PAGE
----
We’re far too good at this. The Musou (AKA Warriors) series goes out of its way to make you feel powerful, but Omega Force might have gone too far this time; every few minutes, we break Hyrule Warriors. The engine groans beneath the weight of our actions, the framerate tanking as Link charges a few dozen foes towards an arena wall or Ganondorf crushes everything onscreen with a giant demonic hand. We pause in empty arenas, waiting for another set of enemies to load in. The stream of UI text popups runs 30 seconds behind the action because we are just too strong, too fast. Koei Tecmo’s engine has been built specifically to handle an industry-leading level of hackand-slash carnage, but it can’t keep up with us.
This should be ruinous. Instead, it feels like a celebration. Rather than cautiously Z-targeting one enemy at a time on a journey from boyhood innocence to world’s saviour, our Link effortlessly juggles a wave of foes with a jet of fire. Rather than awaiting rescue in the bowels of a temple at the end of the world, we watch Zelda zigzag through a crowd, leaping into the air and obliterating the stragglers with a volley of light arrows. And they’re joined on the character select screen by a host of fellow warriors, the series’ supporting cast and leading lights transformed into an ensemble. Goron chief Darunia wields a hammer and chucks gigantic boulders; Midna slaps foes around with a magic hand made of hair. Sheik fights with a harp; newcomer Lana, a spellbook; bug-obsessed Agitha, a parasol. All have access to Link’s kit bag: the subversive thrill of seeing Zelda loose off the hookshot, or Ganondorf turn from treasure chest to camera with a piece of heart in hand, never really fades. As a work of fan service, Hyrule Warriors is almost without equal.
As a game, though, Hyrule Warriors has plenty of equals – almost 30 of them in the past five years, in fact. It is the latest in Koei Tecmo’s Musou series, and so it comes bound to a certain mechanical template. Here, it involves repetition of a handful of simple decisions: when to use a special move, to activate Focus Spirit for powered-up attacks, or to dodge. And above all, how long would you like to keep mashing the light attack button before you start mashing the strong attack one? Warriors games have always prized spectacle over systems, and even the shortest combo strings here produce dazzling results, but the outcome is always the same: a crowd of dead enemies evaporates in a shower of rupees, and then you move on to the next.
Variety is one substitute for complexity, and while the character select screen affords plenty of it, much of the Legends story mode either limits you to a choice of a few select characters or, worse, gives you no choice at all. As thrilling as it is to lay hands on Ganondorf, by the time you’ve swung his dual blades through three consecutive missions, you’ve seen enough demonic hands to last a lifetime. The crafting system and skill trees, powered by materials found in the field, are a reward for repetition, rather than a solution to it.
At least the missions offer a bit more variety than the mechanics. In one, you need to escort an ally carrying soup to a god who, when fed, creates pathways to new areas. In another, you must stop Bombchus from blowing up and taking a base’s worth of allies with them. All the while comrades are calling for help, characters are chatting about the bigger picture, you’re being warned that a couple of keeps are about to fall into enemy hands, and being urged to press on to the next objective. There is a tremendous amount going on, both on the battlefield and the endless streams of text that frame it, to the point that it’s all too easy to miss a mission-critical SOS that renders the most recent checkpoint unusable. In one mission, we were given three seemingly vital objectives in the space of ten seconds and no indication of which was the most important. We had to restart another level for failing to stop a handful of enemies from taking the allied base because we were focusing instead on the giant dragon gobbing fireballs at it. Hyrule Warriors may make you feel incredibly powerful, but Legends mode frequently makes you feel like quite the inadequate leader. Thankfully, while Legends may take top billing – occupying the first slot on the menu – Adventure mode is bigger, pacier, and more varied. Set on an 8bitstyled world map, it is broken up into briefer missions that tinker with the formula, altering enemy damage, perhaps, or dropping you into a time-limited boss rush. Two enemies will spawn in a closed-off keep and you’ll be given a Zelda lore hint on which one to kill. There are additions to the cast and more powerful weapons for its existing members too, with grading and item systems to encourage replays. Every great Zelda game has been an adventure, so it’s appropriate that the mode of the same name just about rescues Hyrule Warriors.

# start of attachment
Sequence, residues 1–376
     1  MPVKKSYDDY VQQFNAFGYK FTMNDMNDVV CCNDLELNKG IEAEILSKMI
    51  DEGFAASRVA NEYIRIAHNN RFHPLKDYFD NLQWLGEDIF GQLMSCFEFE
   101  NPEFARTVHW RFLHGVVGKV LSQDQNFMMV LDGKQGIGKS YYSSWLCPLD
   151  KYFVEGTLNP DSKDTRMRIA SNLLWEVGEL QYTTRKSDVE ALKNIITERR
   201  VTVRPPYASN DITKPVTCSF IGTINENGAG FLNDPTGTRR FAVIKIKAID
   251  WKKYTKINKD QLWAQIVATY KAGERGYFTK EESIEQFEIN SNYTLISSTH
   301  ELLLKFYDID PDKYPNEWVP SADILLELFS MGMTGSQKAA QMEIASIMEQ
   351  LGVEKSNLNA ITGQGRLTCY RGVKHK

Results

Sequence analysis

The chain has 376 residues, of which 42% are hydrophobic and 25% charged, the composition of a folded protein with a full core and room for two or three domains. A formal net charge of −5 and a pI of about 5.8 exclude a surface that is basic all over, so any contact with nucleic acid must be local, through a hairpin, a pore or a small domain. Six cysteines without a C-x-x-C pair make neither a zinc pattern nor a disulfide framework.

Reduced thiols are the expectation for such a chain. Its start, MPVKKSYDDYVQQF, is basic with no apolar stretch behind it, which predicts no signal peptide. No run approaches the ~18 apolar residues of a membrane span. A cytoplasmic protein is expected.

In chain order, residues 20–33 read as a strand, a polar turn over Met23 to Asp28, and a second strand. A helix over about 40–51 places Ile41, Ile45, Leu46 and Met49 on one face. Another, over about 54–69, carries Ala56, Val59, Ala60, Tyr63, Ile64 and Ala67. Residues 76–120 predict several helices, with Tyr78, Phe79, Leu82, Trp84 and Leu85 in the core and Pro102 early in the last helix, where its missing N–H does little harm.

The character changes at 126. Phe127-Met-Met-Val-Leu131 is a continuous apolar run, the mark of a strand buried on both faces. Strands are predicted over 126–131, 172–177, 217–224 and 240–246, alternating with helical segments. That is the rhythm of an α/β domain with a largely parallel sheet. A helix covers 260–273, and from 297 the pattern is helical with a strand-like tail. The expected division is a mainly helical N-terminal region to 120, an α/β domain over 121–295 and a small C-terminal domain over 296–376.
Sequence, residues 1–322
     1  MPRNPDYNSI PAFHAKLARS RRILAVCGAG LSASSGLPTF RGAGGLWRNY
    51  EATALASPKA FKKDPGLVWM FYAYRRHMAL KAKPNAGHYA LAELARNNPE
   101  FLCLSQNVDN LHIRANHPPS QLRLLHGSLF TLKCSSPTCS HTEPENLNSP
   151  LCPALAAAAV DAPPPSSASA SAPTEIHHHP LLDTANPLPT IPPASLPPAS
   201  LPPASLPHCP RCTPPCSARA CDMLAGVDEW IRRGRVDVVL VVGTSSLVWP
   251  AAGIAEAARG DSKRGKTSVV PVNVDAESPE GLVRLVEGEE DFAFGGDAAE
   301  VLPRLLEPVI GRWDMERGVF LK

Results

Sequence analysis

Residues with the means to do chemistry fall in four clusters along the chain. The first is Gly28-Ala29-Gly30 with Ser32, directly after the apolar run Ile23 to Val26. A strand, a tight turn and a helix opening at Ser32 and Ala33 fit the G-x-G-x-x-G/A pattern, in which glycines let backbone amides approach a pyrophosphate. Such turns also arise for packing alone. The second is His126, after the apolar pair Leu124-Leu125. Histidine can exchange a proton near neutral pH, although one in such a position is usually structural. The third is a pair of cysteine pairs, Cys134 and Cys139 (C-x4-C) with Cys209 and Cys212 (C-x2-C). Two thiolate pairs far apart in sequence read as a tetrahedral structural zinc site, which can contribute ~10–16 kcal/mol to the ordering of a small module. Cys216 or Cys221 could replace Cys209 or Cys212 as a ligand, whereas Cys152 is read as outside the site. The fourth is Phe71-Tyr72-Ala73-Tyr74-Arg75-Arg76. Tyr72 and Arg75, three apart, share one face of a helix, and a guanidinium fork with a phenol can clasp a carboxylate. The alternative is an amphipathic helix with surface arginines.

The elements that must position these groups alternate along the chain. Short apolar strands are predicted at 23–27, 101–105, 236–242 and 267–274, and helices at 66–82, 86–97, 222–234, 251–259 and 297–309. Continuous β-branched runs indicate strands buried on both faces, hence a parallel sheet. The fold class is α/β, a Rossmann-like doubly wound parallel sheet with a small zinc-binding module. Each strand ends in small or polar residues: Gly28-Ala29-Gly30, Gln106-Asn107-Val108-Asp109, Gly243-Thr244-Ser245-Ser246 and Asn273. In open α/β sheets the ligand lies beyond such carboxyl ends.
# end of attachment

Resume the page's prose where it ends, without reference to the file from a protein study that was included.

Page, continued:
It’s tempting to dismiss this as just another new Warriors game, but Nintendo has not given the keys to one of the most revered series in gaming to Koei Tecmo and Omega Force just to swell their output further. This is a Zelda game, and the sight of Link and company on the boxart carries with it a certain expectation. It’s one Hyrule Warriors fails to match, but there’s still plenty to admire, not least the way its makers have flouted nearly 30 years of convention, treating one of Nintendo’s most prized assets in ways it would never dare to. The game’s greatest achievement is the way it recasts characters who have long been portrayed as being in need of a young boy’s help. The next time we see Zelda being dragged away by Ganon’s forces, we’ll wonder why she can’t just fight her way out of trouble. After all, we’ve seen her do it hundreds of times before.